This weeks readings is something that speaks to the hearts of all of us this year. Through this year our country has been going through change and unrest in hopes of a better future for everyone. In regards to the piece on Muhammad Ali, the three writers points out how Ali’s protest of being drafted wasn’t just because of the war, but a religious and racial protest as well. With the piece on Nike and Kapernick, we see the main focus on policy brutality and social justice for African Americans. I went out and found an older article from NPR that highlights several cases of protest in sports from the then St. Louis Rams doing the hands up don’t shoot gesture while walking out to a game, the protest from the 1968 Mexico City Olympics, to protest throughout college sports, and up to today. These athletes have faced backlash for bringing light something that has been an issue and of promonance in America for a long time. For Ali, he faced jail time and a ban from sports, to Kap who hasn’t seen an NFL field since 2016 and some would say has been blackballed from the league all together. Both have had similar reactions to their protest as both were labeled as “traitors” or “Anti-American” by the country that they loved. Athletes today face similar insults from their fellow Americans today. An example of this is when Lebron James and other fellow NBA players were told to just “shut up and dribble” and “sports and politics don’t mix”. Many of us know that this more than just a political issue and I believe it is very American and patriotic for one to stand up and protest for something they believe in. Protest is what our country was built off of and it is what helped us to get here today. Now, we have seen corporations like Nike come out and support players like Kap, NBA players, and NFL players. It is my hope that many of them want the same change as them and are not just in it for the money. Today we even see companies like EA and its game Madden come out and give Kap another shot as they put him back in the game for the first time in a long time. What these many have faced in regards to their own protest and racing awareness to racial injustice in this country, shouldn’t have happened. Now, we know America has faced growing pains in the past, but it is my hope that we will come out as a better nation on the other side of this. Regardless, of what side you student on, we have to nod our cap (no pun intended) to these men for standing up for what they believe in and throwing away the sport they love, so our country can look itself in the face and see that we need change. A good quote I have heard is, “some things are bigger than sports”.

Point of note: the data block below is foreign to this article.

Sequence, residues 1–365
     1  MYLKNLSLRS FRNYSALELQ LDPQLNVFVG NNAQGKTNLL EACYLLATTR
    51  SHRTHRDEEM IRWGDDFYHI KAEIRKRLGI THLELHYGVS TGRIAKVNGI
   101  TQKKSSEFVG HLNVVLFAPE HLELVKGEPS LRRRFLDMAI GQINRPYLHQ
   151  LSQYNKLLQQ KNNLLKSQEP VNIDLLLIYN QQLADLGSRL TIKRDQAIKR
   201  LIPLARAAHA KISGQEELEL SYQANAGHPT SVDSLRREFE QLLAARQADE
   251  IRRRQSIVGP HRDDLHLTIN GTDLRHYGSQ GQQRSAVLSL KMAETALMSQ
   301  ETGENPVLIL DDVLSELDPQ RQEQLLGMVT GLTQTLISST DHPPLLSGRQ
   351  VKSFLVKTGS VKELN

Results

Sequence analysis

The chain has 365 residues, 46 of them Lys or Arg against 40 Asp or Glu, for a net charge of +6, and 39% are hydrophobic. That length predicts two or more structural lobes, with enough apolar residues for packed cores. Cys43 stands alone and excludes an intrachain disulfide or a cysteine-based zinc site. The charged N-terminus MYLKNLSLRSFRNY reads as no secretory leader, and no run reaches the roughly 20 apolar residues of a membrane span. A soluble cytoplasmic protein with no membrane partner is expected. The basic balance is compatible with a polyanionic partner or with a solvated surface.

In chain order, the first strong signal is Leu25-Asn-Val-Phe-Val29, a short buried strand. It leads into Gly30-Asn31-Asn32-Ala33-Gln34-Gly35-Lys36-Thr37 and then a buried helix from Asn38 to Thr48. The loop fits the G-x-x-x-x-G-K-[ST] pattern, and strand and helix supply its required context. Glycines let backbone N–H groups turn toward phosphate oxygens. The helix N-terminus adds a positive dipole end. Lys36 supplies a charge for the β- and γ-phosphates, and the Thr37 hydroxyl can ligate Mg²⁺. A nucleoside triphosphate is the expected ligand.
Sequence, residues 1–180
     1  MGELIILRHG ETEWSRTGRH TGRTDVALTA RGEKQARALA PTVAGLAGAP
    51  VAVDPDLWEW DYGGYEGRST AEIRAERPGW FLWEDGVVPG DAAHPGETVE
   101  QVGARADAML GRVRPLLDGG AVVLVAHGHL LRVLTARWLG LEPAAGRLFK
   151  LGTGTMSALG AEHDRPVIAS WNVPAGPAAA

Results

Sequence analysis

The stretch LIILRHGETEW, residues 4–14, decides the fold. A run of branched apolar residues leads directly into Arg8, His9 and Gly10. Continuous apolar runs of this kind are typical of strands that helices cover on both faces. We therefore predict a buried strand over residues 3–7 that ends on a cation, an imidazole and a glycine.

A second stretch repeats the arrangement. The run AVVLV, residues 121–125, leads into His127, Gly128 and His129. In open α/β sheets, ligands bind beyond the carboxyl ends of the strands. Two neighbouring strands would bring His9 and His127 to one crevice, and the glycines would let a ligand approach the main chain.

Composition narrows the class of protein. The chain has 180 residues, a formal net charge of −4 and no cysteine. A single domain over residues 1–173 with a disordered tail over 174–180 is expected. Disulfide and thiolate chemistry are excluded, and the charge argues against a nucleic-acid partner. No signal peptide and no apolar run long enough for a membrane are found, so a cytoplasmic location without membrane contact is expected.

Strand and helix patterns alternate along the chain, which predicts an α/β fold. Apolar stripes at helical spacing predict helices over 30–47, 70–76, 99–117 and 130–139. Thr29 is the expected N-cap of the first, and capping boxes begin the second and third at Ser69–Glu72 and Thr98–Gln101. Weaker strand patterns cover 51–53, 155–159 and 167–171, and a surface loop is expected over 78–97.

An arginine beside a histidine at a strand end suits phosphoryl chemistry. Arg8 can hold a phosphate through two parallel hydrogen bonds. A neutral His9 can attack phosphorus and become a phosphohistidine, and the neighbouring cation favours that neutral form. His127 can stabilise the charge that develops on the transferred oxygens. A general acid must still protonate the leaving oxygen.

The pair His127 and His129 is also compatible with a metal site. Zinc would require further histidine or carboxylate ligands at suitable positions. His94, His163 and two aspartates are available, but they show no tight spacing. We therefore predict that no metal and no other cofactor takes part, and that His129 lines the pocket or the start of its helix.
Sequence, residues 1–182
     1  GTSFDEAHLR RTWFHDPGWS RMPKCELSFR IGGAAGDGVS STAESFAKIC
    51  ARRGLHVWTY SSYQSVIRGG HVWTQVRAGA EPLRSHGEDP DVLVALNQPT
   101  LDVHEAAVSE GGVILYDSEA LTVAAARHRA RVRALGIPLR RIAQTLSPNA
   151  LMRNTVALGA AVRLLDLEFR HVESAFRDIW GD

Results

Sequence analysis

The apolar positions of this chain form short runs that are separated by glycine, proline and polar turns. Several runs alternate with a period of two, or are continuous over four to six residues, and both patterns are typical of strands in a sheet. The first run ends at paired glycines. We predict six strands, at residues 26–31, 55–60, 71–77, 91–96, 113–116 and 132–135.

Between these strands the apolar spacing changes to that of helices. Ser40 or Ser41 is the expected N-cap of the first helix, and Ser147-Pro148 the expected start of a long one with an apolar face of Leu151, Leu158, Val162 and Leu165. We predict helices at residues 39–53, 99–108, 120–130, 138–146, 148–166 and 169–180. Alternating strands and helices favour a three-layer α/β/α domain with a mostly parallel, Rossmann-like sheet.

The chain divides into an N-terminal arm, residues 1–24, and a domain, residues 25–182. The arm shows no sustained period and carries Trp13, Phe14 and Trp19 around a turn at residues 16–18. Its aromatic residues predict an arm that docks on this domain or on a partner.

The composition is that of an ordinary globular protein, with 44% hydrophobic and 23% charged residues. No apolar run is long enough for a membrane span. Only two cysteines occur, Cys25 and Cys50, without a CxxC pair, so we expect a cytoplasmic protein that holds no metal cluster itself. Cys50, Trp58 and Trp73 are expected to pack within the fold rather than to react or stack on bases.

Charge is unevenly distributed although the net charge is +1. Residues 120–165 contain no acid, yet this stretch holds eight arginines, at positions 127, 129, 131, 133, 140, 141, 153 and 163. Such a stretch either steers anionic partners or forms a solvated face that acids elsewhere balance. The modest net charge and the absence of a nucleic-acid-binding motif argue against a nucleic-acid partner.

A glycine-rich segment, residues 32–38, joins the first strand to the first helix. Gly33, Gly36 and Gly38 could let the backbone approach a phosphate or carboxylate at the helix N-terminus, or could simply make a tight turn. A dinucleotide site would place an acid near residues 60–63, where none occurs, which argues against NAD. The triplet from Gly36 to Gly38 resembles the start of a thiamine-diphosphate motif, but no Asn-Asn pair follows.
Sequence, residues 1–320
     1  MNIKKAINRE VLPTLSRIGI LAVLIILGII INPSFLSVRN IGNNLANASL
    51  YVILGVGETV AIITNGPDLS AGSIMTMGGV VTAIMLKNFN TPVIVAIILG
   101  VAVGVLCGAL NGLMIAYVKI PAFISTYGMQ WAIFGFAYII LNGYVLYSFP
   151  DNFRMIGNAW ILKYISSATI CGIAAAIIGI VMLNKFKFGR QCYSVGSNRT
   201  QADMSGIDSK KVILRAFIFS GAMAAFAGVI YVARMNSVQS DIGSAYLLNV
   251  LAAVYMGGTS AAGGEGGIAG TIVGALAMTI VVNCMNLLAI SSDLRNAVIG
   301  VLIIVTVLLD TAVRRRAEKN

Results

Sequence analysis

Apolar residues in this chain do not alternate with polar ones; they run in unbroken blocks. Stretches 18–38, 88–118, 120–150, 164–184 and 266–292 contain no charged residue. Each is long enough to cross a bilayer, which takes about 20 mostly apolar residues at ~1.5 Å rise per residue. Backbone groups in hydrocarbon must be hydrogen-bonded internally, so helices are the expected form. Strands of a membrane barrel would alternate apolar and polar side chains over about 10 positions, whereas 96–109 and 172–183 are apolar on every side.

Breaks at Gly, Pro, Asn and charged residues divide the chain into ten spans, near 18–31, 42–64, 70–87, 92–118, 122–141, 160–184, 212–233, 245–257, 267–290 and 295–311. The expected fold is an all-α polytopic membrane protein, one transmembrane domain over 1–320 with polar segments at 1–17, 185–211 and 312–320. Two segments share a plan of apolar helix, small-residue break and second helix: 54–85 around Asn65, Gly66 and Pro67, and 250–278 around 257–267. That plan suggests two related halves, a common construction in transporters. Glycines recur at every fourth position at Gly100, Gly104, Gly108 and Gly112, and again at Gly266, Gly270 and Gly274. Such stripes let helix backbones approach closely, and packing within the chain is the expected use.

When Nike took the risk on Colin Kaepernick they made an effort to start a more political sports company. Michael Baumann highlights this in his article “Nike’s Big Gamble on Colin Kaepernick.” In the second round of the 2011 NFL Draft the San Francisco 49ers took a dual threat Quarterback out of Nevada named Colin Kaepernick. He and starter Alex Smith had a back and forth Quarterback race that took the 49ers to a Super Bowl. Though he performed under average on the field Kaepernick made a stand by sitting in 2016. At the time America had a Black President in office and still had troubles with the underlying issue of American racism. Riots broke out under the tension of another police shooting of an unarmed Black citizen. Kaepernick sat during a preseason National Anthem against the Packers but had little notice to the protest. It wasn’t until he talked to a former US Military member about the best way to use his platform respectfully when his view broke loose. Kneeling for Colin during the National Anthem was his way of protesting Police Brutality of African Americans in the US. Though for many groups this was seen as disrespectful of the American military. After this many others joined his efforts but the backlash was too much and Colin wouldn’t be able to secure another NFL job after that season. With all this controversy still two years later Nike introduced Kaepernick as the face of its 30th anniversary “Just do it” campaign. Per usual this would take some backlash as he was still seen as a controversial figure. The campaign stated the line “Believe in something. Even if it means sacrificing everything.” Kaepernick was the perfect person to put behind this ad being that he did exactly this. He believed in dismantling the White supremacist culture even if him speaking out about this would cost him a job. Today Colin Kaepernick has partnered with Disney Plus, and the creator of the 1619 project Nichole Hannah Jones. They are a team with the idea to create content that reflects the views of the Black Lives Matter movement. For this type of support to come within four years is a real positive in such a tough and dark story. Though for Colin we don’t know if he plans to take the field again maybe he has found his calling in the world of activism.